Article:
News Release

Trust and acceptance among gastroenterologists for AI to be used in clinics and hospitals, finds NTU Singapore study

Peer-Reviewed Publication

Nanyang Technological University

Artificial intelligence (AI) has permeated many aspects of medicine, with promises of accurate diagnoses, better management decisions, and improved outcomes for both patients and the healthcare system. However, to successfully implement AI technology in clinical practice, trust and acceptance among healthcare providers to use such tools is crucial.

Now, using the treatment of digestive diseases as a case study, an international study led by Nanyang Technological University, Singapore (NTU Singapore) has found that doctors in the gastroenterology practice generally trust and accept AI medical tools.

Through surveying 165 gastroenterologists and gastrointestinal surgeons in the Asia-Pacific region, the NTU Singapore-led research team found that eight in 10 say they accept and trust the use of AI-powered tools in diagnosing and assessing colorectal polyps (benign growths in the colon that could become cancerous).

When it came to using AI to guide an endoscopist on whether to remove polyps found in the bowel of those undergoing screening colonoscopy, seven in 10 said they accept and trust this AI-assisted application. (See Notes to Editor below for more data).

The research team found no difference in levels of acceptance between the male and female doctors, between those working in public and private settings, as well as between those working in big hospital units and small group practices.

However, the number of years of experience was a crucial factor. While one would expect young doctors to be more receptive to using technology in clinical decision making, the study found that gastroenterologists with fewer than 10 years of clinical experience perceived a higher risk of these AI-powered medical tools than their colleagues with more than 10 years of experience.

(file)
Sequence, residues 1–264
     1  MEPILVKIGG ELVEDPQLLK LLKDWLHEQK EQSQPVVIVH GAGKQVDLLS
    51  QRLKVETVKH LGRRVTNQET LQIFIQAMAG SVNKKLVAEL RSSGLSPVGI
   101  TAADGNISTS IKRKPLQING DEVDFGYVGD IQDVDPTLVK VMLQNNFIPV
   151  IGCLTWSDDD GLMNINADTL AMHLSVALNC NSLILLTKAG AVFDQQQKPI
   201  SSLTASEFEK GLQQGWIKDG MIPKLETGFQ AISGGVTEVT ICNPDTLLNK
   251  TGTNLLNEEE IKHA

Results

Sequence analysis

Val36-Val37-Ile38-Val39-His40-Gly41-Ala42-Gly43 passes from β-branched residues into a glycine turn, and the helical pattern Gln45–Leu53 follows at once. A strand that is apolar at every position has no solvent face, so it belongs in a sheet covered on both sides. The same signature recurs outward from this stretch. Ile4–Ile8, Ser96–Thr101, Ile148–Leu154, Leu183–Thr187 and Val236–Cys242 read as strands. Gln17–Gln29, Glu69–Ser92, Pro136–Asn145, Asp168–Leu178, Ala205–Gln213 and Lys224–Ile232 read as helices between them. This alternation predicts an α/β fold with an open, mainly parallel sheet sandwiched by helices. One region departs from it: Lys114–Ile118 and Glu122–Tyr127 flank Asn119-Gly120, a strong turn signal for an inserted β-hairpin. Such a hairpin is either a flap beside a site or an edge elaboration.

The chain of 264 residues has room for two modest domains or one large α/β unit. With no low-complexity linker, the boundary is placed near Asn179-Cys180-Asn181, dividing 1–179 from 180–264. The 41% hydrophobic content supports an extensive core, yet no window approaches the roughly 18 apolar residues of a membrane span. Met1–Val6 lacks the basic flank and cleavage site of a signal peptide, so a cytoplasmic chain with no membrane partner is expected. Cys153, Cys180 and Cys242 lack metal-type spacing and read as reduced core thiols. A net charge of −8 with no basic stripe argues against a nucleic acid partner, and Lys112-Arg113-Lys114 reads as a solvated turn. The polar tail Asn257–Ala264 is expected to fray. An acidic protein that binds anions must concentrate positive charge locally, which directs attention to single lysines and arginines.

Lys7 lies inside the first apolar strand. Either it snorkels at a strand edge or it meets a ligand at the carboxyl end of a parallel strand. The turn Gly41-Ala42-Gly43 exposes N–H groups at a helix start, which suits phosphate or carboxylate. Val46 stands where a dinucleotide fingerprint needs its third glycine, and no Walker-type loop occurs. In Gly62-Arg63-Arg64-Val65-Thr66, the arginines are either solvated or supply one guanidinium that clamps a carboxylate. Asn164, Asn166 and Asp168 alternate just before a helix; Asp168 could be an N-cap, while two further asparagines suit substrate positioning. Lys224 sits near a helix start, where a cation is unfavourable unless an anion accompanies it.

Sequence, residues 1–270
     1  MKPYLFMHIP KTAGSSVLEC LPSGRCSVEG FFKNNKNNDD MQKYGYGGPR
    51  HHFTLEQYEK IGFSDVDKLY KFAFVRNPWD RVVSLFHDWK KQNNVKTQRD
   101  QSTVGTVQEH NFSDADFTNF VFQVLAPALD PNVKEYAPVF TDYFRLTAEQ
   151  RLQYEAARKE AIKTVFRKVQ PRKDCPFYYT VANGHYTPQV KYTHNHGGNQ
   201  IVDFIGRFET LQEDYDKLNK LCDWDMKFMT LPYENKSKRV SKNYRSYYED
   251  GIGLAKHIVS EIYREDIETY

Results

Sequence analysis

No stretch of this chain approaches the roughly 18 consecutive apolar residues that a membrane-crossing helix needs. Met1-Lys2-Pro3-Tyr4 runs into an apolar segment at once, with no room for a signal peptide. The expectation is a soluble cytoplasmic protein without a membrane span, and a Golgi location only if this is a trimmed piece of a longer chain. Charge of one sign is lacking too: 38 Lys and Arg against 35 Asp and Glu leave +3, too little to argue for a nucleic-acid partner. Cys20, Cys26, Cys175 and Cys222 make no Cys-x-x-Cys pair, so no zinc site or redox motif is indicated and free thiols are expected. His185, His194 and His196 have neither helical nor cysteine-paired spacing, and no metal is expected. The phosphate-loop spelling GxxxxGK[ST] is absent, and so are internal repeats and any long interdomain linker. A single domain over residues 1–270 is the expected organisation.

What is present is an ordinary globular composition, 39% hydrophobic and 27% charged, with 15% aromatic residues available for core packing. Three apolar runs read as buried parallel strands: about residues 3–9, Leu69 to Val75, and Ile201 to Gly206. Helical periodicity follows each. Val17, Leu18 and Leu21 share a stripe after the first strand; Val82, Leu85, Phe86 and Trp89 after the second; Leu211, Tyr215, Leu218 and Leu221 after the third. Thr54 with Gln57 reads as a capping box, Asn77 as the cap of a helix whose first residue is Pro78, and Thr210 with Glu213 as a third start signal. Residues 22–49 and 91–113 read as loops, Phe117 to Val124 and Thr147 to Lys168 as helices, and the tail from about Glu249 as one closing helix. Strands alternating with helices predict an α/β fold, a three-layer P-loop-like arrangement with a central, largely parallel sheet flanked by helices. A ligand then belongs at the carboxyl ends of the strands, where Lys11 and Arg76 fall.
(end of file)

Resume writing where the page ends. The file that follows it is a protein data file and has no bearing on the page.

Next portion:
The findings, published in the scientific journal JMIR AI in March, highlight the need for more research into what influences doctors’ acceptance of AI in their medical practice, said the team of scientists from Singapore, China, Hong Kong, and Taiwan.

Assistant Professor Wilson Goh from the NTU Lee Kong Chian School of Medicine (LKCMedicine), who led the study, said: “For this study, we zoomed in on the use of AI in the context of gastroenterology because we see that this specialty, with its heavy usage of image-based diagnosis and surgical or endoscopic intervention, will be able to readily use AI technologies in clinical management. This is one of the earliest reports of AI risk perception, acceptance, and trust among gastroenterologists, with a unique focus on the Asia-Pacific region.”

Asst Prof Goh, also the Co-Director of NTU’s Centre for Biomedical Informatics, said: “Although the study participants found certain AI technologies risky, most practitioners still trusted and accepted these applications, highlighting the intricate relationship between the complexity of AI technologies and their acceptance. AI has the potential to revolutionise the healthcare sector, but for AI to be integrated into the sector, a better understanding of the factors that underpin clinicians’ trust and acceptance towards AI-powered medical tools is necessary.”

NTU Senior Vice President (Health & Life Sciences) and Director of Centre for AI in Medicine Professor Joseph Sung, one of the study’s co-authors and a leading gastroenterologist, said: “The finding that more experienced gastroenterologists have a lower risk perception of AI tools is intriguing. Having more clinical experience in managing colorectal polyps among senior gastroenterologists may have given these clinicians greater confidence in their medical expertise and practice, thus generating more confidence in exercise clinical discretion when new technologies are introduced.”